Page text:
With the growing popularity of South Australia’s iconic destinations, such as Kangaroo Island, the Eyre Peninsula and the Flinders Ranges, it’s easy to overlook how much there is to do in Adelaide.
The city’s newest attraction, RoofClimb Adelaide Oval, is a great option if you have a couple of spare hours.

Launched in April 2016 this highly-organized and informative tour takes small groups of overall-clad visitors across the roof of the Adelaide Oval, the state’s much loved sporting arena. Dating back to 1871, the oval is regarded as one of the world’s best cricket grounds, but has also hosted many other sports, including Australian Rules and soccer, plus rock concerts – the Rolling Stones played to over 50,000 people here in 2014.

Roof Climb Adelaide

The two-hour adventure, which is open to anyone who is reasonably fit and aged 12 years and over, begins with a briefing at RoofClimb headquarters in the Riverbank Stadium.

Climbers then change into bright blue overalls and don elaborate safety harnesses, designed to anchor them to a safety rail which snakes across the oval’s distinctive white roof. Climbers must also remove anything that could drop and injure people below, such as jewellery and watches; secure lockers are provided for your valuables.

RoofClimb Adelaide Oval offers both day-time and twilight climbs, plus a special AFL match day experience to watch local footy heroes Port Adelaide from a platform 50 metres above the playing surface. You need to book ahead for this.
Unless you have a chronic fear of heights, the most challenging thing about RoofClimb is strapping yourself into the elaborate safety harnesses, which look similar to those worn by army paratroopers – and equally cumbersome.

Everyone is then breath tested for alcohol – while RoofClimb uses a network of easy-to-navigate metal walkways, climbers must be vigilant, especially during rainy or windy conditions.

roof climb adelaide

The two-hour expedition begins with a short walk past the old ivy-clad Members Stand and then a brief ride via the service lift onto the roof of the Western Stand. Once clamped onto the metal guide rail, climbers follow their team leader onto a narrow walkway that snakes its way across the curving roof. There are fine views across to North Adelaide, the Adelaide Hills and the Park Lands.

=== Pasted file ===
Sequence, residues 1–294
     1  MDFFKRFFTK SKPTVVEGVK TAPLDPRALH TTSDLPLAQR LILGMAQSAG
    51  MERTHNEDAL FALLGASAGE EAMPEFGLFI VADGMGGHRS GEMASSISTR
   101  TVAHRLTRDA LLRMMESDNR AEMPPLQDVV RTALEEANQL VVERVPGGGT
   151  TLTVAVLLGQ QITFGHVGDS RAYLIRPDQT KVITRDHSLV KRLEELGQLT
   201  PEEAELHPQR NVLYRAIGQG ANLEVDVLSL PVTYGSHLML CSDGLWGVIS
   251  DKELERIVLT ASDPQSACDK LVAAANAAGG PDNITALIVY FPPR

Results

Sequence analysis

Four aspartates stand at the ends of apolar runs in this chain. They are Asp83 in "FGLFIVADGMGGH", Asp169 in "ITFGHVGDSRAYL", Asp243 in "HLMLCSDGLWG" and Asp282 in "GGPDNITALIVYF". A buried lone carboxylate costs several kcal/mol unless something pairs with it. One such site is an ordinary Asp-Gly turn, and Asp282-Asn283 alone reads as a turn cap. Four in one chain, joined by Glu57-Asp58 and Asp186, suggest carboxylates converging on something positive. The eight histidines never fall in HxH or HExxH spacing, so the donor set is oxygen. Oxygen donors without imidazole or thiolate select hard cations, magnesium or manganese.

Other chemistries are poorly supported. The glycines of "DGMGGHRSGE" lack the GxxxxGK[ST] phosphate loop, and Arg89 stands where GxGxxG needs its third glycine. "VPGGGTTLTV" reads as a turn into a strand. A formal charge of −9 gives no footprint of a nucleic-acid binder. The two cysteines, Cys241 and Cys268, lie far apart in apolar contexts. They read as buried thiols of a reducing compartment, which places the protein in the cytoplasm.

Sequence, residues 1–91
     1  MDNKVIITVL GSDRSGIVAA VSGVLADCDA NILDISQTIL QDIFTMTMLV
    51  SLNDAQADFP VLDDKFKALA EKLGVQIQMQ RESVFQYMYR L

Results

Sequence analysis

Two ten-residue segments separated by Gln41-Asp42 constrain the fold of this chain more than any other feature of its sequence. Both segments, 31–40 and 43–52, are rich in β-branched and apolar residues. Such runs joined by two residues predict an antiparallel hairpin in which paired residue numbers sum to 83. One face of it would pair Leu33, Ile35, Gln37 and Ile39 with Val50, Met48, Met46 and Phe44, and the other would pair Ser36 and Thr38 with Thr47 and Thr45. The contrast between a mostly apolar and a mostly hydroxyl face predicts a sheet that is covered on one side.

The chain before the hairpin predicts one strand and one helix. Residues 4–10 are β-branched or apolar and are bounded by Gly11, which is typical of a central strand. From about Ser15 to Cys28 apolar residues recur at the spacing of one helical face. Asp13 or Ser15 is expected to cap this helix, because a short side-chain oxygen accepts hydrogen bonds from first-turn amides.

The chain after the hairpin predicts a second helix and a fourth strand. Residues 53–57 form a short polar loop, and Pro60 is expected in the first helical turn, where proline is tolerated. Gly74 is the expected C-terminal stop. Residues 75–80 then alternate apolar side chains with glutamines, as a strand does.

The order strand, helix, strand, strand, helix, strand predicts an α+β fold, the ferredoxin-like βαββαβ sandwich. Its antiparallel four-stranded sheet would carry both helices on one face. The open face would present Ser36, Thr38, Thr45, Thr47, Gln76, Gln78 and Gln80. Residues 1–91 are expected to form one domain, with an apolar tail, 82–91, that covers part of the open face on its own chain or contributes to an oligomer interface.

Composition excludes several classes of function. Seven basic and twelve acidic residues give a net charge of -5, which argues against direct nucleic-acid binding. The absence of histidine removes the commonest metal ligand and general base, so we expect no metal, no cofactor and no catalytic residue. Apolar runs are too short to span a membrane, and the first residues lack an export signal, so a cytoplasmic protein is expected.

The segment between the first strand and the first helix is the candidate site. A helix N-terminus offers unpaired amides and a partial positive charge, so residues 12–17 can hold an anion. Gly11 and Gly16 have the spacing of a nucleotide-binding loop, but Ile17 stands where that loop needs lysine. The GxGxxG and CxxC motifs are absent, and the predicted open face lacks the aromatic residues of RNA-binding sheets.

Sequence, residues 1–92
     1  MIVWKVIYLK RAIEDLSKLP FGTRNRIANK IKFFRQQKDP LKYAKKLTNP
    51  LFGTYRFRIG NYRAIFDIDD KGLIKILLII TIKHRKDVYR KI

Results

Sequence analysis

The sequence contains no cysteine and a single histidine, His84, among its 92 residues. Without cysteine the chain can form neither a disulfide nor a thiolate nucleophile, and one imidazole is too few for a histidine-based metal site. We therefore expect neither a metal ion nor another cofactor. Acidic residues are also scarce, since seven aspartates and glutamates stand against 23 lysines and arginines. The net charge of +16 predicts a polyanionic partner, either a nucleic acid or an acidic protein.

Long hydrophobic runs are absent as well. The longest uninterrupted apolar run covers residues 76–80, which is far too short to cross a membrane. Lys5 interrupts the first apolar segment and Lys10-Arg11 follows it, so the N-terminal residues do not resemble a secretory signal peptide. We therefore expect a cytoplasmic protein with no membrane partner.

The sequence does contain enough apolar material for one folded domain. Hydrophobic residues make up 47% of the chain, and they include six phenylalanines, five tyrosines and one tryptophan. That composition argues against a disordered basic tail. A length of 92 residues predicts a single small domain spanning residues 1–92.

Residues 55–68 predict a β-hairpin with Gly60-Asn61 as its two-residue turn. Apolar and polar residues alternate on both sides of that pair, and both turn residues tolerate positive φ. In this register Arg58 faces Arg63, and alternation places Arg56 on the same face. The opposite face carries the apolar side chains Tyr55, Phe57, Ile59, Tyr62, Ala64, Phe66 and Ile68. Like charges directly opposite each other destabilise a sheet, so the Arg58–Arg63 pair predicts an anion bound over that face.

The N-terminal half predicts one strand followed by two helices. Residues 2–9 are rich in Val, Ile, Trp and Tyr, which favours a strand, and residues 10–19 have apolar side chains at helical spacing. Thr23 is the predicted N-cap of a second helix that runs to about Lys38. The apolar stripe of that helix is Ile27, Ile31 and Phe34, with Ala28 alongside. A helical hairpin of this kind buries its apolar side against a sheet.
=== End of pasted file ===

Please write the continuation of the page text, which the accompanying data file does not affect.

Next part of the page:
While RoofClimb is primarily a celebration of the architectural genius behind the new-look $575 million arena – climbers learn about the special construction methods and materials used to create the Riverbank and Eastern stands – the tour also provides an insight into the history of Adelaide, and the cultural importance of this ground.

The Adelaide Oval is a combination of the old and the new. The new grandstands and the playing surface feature the very latest in modern technology – for example, underground sensors monitor the condition of the grass precisely on computer. At the same time authorities have retained three important parts of the oval’s heritage: the old wooden scoreboard, the Moreton Bay figs and the Northern Mound.

Even people born and raised in South Australia are likely to learn something about the Adelaide Oval as they clamber over its sensuously curved roofs – such as the fact that the Northern Mound was constructed from soil dredged from the Torrens and that the Moreton Bay figs were first planted to block the view of non-paying spectators who once gathered on the slopes of Pennington Gardens, to the north, to watch the cricket for free.

roof climb adelaide

From the Western Stand climbers move across to the Riverbank Stand with its unusual honey-combed roof which features a high-tech fabric to reduce weight and ambient heat and several enormous fans supplied by Big Ass Solutions of Kentucky – the two grandstands are linked by a special bridge.

The most exhilarating part of the climb is walking out onto 50-metre high viewing platform which has been cantilevered from the side of the Western Stand. Seating 16 people, this narrow (and fenceless) construction juts out onto the southern end of the playing surface. The platform is already popular with AFL fans who can come up here during Port Adelaide games, but for most climbers it’s the ultimate RoofClimb photo opportunity. Then it’s time to return to ground level. Climbers retrace their steps across the two grandstands, enjoying more views of the city, river and hills beyond. Back at RoofClimb HQ climbers are given a complimentary cap, achievement certificate and group photo. Climbers can also purchase a personal album of images to take home.

Roof Climb Adelaide
Bio pic of Drew Kluska

About Drew Kluska

Managing Director – Drew was raised on a property in rural South Australia before attending boarding school and university in Adelaide majoring in Agricultural Science. Drew travelled to Kenya in 1996 and found himself hosting guests at one of the flagships of East African tourism, Lewa Downs Wildlife Conservancy. It was this experience that prompted him to found The Tailor in 1998, showcasing the best of Australia through the eyes of those who know it best ‘The Locals’, whilst always maintaining an exceptional standard of quality in all areas. Drew’s passion has led to The Tailor growing to be one of the largest luxury travel companies in Australia and rated as one of the “Best Adventure Travel Companies On Earth” and “Number ONE in Australia” by National Geographic Adventure USA .
Signature for Drew Kluska